“I don’t think there’s an appetite in Britain for ridiculous conflict,” Mr. Neil said. Still, he plans to carry a segment on his own prime-time show called “woke watch” in which he can mock what he sees as progressive excesses. He cited as an example a recent report that British nurses were told they could use the word “chestfeeding” rather than “breastfeeding” to be inclusive of transgender people.

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Britain Delays Brexit Border Checks for Goods Coming From Europe

LONDON — It was something politicians spent an age debating, diplomats devoted years to negotiating and officials spent a fortune preparing for.

But on Thursday Britain made the embarrassing admission that it is still not fully ready for Prime Minister Boris Johnson’s biggest political project, Brexit.

Almost five years after Britons voted to leave the European Union, the government said it would wave through some goods arriving at British ports from the continent until January 2022 — a tacit admission that it lacks the capacity to perform the border checks required by Brexit.

The latest postponement to the Brexit process came as a relief to British businesses because it averts the risk of supermarkets running out of fresh produce, or car factories missing out on parts supplies.

according to a survey by Make UK, an organization representing manufacturers. Half said administrative and other costs associated with shipping had risen.

With tensions growing over trade, vaccine supplies and other issues, relations between London and Brussels have deteriorated into a state of semi-permanent friction.

In a statement, the British government said it was changing plans at the ports in response to complaints from businesses that had faced severe challenges during the pandemic.

“As a sovereign trading nation outside the E.U., we have freedom to take decisions in our national interest — and in the interest of our businesses,” said David Frost, who negotiated the Brexit trade deal with the European Union for Britain and is now a cabinet minister responsible for implementing it.

“We will now introduce border controls broadly six months later than planned to give traders time to focus on getting back on their feet as the economy opens up after a difficult year,” he said in a statement.

Still, the decision has prompted some mild ridicule from those who hark back to the 2016 campaign slogan urging voters to support Brexit and “take back control.”

The new ethos, critics joke, is to do this by not exercising any control at all.

British businesses welcomed the decision.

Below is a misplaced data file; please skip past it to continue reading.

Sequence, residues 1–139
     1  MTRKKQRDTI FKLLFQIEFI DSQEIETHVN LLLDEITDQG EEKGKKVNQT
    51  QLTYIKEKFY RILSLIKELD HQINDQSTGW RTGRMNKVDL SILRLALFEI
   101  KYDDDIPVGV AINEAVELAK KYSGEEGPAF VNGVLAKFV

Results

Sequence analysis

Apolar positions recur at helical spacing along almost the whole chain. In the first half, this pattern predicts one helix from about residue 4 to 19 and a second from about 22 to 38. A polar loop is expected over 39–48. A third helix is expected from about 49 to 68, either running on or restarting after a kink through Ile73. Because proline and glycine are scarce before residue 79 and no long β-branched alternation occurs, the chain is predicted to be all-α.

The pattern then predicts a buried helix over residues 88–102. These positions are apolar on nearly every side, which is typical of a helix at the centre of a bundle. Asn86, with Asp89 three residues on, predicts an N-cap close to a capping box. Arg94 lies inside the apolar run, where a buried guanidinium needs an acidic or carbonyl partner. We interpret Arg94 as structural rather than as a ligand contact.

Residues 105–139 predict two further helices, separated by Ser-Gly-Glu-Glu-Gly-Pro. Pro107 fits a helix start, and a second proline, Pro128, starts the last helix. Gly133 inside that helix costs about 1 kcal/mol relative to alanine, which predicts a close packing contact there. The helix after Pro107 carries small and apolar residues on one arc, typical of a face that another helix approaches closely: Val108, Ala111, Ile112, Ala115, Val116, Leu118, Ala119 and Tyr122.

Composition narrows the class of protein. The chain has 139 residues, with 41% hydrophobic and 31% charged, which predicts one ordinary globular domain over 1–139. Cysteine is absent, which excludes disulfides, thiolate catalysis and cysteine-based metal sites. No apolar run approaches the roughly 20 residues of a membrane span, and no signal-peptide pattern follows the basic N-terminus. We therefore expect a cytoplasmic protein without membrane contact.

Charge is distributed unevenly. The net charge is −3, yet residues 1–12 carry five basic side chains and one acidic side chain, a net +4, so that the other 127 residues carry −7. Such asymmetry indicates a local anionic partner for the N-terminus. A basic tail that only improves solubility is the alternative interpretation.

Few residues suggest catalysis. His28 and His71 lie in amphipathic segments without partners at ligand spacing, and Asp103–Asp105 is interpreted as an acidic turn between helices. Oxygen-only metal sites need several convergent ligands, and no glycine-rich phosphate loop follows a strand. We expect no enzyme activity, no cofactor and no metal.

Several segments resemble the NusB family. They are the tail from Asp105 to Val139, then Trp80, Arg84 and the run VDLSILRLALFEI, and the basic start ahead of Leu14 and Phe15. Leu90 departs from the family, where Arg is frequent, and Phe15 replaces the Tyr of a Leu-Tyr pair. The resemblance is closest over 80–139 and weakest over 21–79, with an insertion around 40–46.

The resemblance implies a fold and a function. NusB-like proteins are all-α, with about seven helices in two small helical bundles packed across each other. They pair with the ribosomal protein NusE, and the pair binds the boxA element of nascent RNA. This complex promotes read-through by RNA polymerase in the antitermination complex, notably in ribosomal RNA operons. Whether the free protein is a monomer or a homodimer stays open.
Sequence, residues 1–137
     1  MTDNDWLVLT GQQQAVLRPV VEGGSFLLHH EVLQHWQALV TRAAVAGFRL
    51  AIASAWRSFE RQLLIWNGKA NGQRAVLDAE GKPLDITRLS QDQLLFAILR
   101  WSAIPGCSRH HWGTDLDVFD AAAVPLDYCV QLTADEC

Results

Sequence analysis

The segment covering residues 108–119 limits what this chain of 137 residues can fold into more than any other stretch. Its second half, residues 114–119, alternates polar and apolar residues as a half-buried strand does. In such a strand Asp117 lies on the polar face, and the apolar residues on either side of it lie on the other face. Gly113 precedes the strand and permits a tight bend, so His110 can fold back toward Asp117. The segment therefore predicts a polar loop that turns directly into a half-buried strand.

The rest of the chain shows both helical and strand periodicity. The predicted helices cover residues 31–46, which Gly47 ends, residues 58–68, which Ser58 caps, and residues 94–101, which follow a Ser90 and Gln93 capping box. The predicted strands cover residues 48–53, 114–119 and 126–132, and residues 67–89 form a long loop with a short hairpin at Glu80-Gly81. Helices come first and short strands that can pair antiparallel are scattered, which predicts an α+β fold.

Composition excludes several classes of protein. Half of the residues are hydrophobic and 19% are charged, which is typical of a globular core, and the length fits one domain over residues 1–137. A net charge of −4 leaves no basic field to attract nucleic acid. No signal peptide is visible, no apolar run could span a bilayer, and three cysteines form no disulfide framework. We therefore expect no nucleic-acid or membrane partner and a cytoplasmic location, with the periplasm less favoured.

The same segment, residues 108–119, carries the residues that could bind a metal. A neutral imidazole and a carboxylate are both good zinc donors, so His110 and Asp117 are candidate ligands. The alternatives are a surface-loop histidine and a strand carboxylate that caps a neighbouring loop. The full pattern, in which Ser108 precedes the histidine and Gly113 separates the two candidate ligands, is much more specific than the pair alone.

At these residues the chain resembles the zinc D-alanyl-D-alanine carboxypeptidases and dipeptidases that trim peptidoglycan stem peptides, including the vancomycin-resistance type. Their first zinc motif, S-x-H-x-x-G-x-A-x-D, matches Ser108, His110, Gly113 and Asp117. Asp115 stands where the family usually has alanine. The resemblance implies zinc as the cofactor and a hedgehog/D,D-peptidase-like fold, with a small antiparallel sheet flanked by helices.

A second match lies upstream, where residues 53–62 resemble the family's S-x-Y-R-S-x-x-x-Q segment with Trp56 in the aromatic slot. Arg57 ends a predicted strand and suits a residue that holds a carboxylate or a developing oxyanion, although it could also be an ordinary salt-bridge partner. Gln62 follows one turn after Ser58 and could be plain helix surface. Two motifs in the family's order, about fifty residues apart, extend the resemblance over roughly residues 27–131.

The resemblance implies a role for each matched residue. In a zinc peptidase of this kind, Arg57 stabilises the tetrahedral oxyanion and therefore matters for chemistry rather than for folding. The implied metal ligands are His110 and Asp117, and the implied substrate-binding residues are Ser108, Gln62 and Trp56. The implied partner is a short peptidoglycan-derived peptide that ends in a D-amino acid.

Ian Wright, chief executive of the Food and Drink Federation, a trade organization, said that without the delay, his sector faced “disruption, extra costs and potentially shortages of some goods, all of which were potentially avoidable.”

Applying the checks originally planned would also have had an impact on continental truckers’ willingness to come to Britain, which was “already fragile,” he said.

Many trucks delivering goods from continental Europe to Britain return empty to avoid time-consuming checks when they arrive in countries such as France, Belgium or the Netherlands.

Thursday’s decision followed the announcement of a separate and much more politically sensitive choice to delay fuller border checks on goods going from Britain to Northern Ireland.

Because trade with Northern Ireland is covered by a separate agreement with the European Union, Britain’s unilateral decision to delay checks on some goods headed there has angered the bloc, which says it violates international law.

The bloc’s executive body, the European Commission, is expected to begin legal action against Britain in the coming days.

Tensions between Britain and the European Union have alarmed businesses. Adam Marshall, director general of the British Chambers of Commerce, described Thursday’s decision as a welcome but temporary solution.

“What businesses want to see is an end to the damaging political rhetoric from both sides, and a focus on improving border flow for the long term,” he said.

Mr. Wright echoed that sentiment and said that Thursday’s announcement reflected not just a lack of infrastructure at British ports but also a worry that many continental firms were ill-prepared for the new paperwork.

But Mr. Lowe, the analyst, said that British preparations for Brexit had been hampered by political considerations and by the government’s desire to present the policy in a positive light. That meant that companies were given little information about the volume of red tape until late in the process.

“To prepare properly was to acknowledge that from an economic perspective Brexit was a bad idea and to acknowledge that it meant that businesses would face problems,” he said.